2 newcomers elected to Lee’s Summit school board. Is diversity work in jeopardy? | Opinion

Could diversity initiatives in Lee’s Summit schools be at risk? After Tuesday’s general election results, the question is worth considering.

Newcomers Stacie Myers, a former public school educator, and business owner Bill Haley won two open seats on the Lee’s Summit School District Board of Education. Diversity champion and current board president Rodrick King Sparks was not reelected.

And that should worry concerned parents of marginalized students in the district.

Haley, a self-described “back to the basics” type, according to his campaign website, is backed by the controversial We the People of Eastern Jackson County group and influential Abundant Life Church in Lee’s Summit. Both entities support current board members Jennifer Foley, Heather Eslick and Regina Garrett. Just last week, the three voted against extending the district’s contract with a dignity and inclusion consulting firm, though it ultimately passed by a 4-3 vote.

On Tuesday, Myers tallied 23% of votes cast while Haley received 22%, according to unofficial election results.

Last month, I wrote about some of the concerns I had about the potential of either Haley or another candidate, Dan Blake — or both — joining the school board. They were backed by Phil Hopper, lead pastor at conservative Abundant Life in Lee’s Summit.

The church’s attempted takeover of the school board fell short — but not by very much. Blake received 21% of the votes in this race.

I have my doubts, but Haley could very well end up being a champion for all students in Lee’s Summit schools. But stakeholders in the district must stay actively engaged to make sure he and Myers serve the best interest of all students.

Patrons in Lee’s Summit must give this new board an opportunity to do its job. But it would be unwise to think the district’s yearslong equity work to close the achievement gap between marginalized children and the rest of the student population isn’t at risk.

Independence, Hickman Mills, St. Joseph races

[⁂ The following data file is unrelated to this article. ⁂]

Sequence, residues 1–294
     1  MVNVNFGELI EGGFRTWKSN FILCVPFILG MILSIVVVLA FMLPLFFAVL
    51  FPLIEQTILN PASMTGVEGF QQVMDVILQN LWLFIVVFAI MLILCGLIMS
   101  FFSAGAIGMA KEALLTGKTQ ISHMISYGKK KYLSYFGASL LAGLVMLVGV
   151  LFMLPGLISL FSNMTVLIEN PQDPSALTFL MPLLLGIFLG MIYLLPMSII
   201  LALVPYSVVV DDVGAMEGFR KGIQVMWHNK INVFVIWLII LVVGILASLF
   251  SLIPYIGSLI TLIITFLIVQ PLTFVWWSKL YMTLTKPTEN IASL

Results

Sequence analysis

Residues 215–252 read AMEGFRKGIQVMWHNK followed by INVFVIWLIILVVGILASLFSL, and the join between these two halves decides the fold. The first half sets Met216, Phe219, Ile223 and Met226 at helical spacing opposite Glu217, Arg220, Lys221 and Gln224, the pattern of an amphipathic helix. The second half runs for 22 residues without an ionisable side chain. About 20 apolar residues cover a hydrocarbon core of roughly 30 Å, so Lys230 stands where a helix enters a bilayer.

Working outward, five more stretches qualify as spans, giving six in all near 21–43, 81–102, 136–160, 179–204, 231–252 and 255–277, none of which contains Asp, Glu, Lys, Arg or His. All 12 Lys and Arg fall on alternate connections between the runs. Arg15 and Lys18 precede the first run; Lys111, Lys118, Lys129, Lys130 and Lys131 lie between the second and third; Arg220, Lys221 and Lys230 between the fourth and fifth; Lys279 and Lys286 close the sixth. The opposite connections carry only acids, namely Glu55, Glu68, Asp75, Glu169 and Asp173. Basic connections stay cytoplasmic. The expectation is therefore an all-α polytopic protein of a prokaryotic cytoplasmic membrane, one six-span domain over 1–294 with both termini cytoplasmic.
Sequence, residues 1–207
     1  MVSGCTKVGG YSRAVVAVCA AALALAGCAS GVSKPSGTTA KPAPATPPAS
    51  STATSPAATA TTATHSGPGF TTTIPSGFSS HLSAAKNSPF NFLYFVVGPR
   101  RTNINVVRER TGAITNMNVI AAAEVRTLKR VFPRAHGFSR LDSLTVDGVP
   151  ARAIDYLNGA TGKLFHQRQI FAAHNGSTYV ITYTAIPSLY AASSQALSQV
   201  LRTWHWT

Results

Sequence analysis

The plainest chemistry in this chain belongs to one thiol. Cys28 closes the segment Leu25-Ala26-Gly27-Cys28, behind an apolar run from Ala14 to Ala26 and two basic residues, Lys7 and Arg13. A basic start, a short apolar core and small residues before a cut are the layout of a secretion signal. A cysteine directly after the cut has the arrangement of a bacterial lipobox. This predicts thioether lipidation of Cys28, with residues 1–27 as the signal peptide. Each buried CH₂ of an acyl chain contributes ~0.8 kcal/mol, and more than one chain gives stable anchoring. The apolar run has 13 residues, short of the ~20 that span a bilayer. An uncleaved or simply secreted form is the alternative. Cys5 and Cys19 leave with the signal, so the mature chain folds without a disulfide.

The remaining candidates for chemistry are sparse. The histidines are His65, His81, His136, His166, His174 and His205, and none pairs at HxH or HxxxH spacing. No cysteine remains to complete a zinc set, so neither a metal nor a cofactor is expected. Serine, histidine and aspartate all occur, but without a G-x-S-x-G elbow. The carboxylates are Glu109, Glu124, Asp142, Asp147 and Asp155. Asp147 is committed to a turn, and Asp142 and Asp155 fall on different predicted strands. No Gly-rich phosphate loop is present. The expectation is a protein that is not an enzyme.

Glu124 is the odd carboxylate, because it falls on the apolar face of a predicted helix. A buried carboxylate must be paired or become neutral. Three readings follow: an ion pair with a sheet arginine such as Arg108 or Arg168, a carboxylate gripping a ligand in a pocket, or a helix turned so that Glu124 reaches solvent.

In other school board races of note, Independence voters elected two new members to the Independence School District Board of Education but Superintendent Dale Herl can breathe easy: He narrowly maintained a majority of support on the board.

Joining the board are: Wendy Baird, a stay-at-home mother and small business owner who received 19% of the vote and Brandi Pruente, who garnered 17%, according to unofficial results.

Baird has been a frequent critic of Herl and the school board, so things should be interesting there. Pruente taught French for 13 years at Truman High School in Independence, according to her website. She brings a much-needed educator’s perspective to the board.

With 16% of the vote, incumbent Carrie Dixon, one of Herl’s top supporters, was retained but current board president Eric Knipp was not.

In the Hickman Mills School District, longtime Kansas City civil rights leader Alvin Brooks, founder of Kansas City’s Ad Hoc Group Against Crime, ousted former board president Carol Graves. Brooks, a former president of the Kansas City Board of Police Commissioners and a stalwart in the community, will serve a one-year term.

Graves’ support of former board member Clifford Ragan III likely contributed to her being unseated. Ragan’s name remained on the ballot but he was disqualified from the race because of tax issues, according to the Kansas City Election Board.

Incumbent Ann Coleman and former board member Bonnaye Mims were both elected to serve three-year terms.

And Jan. 6 Washington, D.C., rioter Kimberly Dragoo came nowhere close to winning a seat on the St. Joseph School District Board of Education. She tallied only 7% of the 11,721 votes cast, according to The St. Joseph News-Press.

I have to commend voters in this town about 55 miles northwest of Kansas City. Dragoo — or anyone else associated with a direct attack on democracy — doesn’t deserve a chance to set public policy.